Back in the 1970s, when impoverished, downtrodden New York City was on the verge of bankruptcy, gallerist Julian Pretto would contact building owners and ask if he could curate exhibitions in their vacant Soho and Tribeca storefronts. Pretto convinced landlords that his exhibitions would bring people to the neighborhoods, raise the profile of their buildings, and help them gain permanent tenants. Eventually Pretto had several permanent galleries on the edges of Soho where his programs featured emerging and established artists, as well as guest curators like Jeffrey Deitch and Rosalind Krauss.

At Minus Space, gallery director and artist Matthew Deleget and painter John Zinsser have organized a fantastic show of the Minimalism, Post-Minimalism, Conceptual Art, hard-edge, monochrome, pattern, and gestural abstraction that Pretto championed.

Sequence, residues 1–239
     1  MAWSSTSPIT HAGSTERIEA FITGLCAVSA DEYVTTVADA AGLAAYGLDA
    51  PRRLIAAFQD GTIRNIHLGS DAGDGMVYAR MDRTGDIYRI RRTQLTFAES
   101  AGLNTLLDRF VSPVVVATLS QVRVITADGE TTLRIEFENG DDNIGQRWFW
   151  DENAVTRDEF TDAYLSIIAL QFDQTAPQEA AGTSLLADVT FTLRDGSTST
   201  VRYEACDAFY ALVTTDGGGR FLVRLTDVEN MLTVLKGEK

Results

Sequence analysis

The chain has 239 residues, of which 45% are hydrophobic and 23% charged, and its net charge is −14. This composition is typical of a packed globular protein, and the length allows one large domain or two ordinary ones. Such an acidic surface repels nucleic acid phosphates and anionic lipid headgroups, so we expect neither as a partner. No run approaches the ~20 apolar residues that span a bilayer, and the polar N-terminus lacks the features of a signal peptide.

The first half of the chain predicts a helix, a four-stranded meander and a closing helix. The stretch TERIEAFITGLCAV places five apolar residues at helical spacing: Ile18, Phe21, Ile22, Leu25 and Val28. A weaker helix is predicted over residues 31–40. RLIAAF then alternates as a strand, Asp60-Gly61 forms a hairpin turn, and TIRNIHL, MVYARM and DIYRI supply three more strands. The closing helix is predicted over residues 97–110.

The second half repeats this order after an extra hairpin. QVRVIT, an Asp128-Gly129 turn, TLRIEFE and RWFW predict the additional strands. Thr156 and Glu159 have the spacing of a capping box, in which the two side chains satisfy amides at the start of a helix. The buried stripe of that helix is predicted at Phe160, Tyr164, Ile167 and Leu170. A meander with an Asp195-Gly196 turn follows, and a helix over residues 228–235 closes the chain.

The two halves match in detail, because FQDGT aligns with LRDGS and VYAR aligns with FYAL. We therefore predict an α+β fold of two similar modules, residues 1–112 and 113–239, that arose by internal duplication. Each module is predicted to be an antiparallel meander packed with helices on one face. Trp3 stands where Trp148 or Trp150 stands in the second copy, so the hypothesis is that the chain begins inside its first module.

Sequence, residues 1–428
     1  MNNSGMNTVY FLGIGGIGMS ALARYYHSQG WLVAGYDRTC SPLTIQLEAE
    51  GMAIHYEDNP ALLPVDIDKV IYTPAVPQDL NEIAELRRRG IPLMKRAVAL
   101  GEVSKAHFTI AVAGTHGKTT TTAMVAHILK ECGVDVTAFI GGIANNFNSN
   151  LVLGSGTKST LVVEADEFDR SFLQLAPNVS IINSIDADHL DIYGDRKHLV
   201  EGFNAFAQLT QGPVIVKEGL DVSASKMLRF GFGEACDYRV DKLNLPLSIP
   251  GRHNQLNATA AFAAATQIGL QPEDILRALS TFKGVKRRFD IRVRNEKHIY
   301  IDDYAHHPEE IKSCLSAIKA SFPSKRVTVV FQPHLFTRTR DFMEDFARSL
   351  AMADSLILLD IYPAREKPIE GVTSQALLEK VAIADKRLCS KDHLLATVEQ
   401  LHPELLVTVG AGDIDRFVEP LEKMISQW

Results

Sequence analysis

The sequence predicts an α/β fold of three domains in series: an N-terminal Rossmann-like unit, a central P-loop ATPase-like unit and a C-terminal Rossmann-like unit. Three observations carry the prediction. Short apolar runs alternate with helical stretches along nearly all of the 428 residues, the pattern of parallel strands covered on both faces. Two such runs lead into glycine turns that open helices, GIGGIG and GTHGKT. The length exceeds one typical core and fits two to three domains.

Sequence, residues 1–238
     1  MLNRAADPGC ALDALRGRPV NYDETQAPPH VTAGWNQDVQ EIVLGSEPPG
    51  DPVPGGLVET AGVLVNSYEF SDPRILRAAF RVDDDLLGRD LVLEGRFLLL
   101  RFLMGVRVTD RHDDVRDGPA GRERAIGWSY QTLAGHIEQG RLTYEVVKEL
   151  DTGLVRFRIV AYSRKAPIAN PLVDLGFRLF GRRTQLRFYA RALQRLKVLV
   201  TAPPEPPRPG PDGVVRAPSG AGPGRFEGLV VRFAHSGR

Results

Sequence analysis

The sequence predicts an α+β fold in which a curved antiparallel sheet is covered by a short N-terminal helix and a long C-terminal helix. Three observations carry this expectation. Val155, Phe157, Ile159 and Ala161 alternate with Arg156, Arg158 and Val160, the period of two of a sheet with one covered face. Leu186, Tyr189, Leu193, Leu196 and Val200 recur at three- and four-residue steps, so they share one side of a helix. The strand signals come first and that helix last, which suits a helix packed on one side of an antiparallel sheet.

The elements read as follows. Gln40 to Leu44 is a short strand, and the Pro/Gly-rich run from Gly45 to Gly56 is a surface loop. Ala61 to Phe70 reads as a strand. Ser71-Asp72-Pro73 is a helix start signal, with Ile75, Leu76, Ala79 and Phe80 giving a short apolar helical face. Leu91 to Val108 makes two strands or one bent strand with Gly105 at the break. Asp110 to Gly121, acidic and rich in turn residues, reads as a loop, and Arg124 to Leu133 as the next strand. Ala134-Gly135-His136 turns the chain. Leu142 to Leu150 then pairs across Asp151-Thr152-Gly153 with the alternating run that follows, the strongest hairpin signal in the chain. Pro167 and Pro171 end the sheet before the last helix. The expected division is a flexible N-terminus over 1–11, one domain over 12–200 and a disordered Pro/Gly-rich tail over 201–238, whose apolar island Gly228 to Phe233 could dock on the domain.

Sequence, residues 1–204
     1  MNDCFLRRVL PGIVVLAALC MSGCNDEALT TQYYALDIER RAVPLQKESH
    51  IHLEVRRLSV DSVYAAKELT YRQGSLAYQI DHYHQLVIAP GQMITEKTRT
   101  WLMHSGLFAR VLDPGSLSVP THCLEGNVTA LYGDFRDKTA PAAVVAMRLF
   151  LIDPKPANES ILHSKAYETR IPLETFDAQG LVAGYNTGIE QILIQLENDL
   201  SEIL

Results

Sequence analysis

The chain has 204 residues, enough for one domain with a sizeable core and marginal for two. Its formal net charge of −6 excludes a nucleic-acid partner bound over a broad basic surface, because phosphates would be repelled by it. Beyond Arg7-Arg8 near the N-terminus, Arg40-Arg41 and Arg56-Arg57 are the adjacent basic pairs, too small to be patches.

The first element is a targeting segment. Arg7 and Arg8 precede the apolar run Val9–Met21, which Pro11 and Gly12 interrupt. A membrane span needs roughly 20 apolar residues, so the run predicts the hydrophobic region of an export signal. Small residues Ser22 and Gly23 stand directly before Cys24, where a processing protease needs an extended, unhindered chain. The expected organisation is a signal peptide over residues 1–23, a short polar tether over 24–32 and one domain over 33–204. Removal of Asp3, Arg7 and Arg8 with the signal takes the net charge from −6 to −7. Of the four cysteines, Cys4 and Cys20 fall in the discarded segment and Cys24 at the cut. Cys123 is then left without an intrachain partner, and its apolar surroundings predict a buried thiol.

October 21, 2013

Search: MFA art programs, inexpensive, top 10 MFA programs, bigstudios, graduate assistantships

Last year ArtInfo ran a post called "The 10 MFA Programs That Give You the Most Bang For Your Buck" and I was surprised that  University of Connecticut (my alma mater) wasn't at the top of the list. Here's why it should be.

October 18, 2013

Serious Sol LeWitt

Paula Cooper recently presented a sensational installation of Sol LeWitt's Wall Drawing #564, which was originally conceived for the 1988 Venice Biennale.
I was knocked out by a few of LeWitt's small geometric studies on paper, hung near the front desk.

October 17, 2013

Search of the Day: Ted Cruz + painting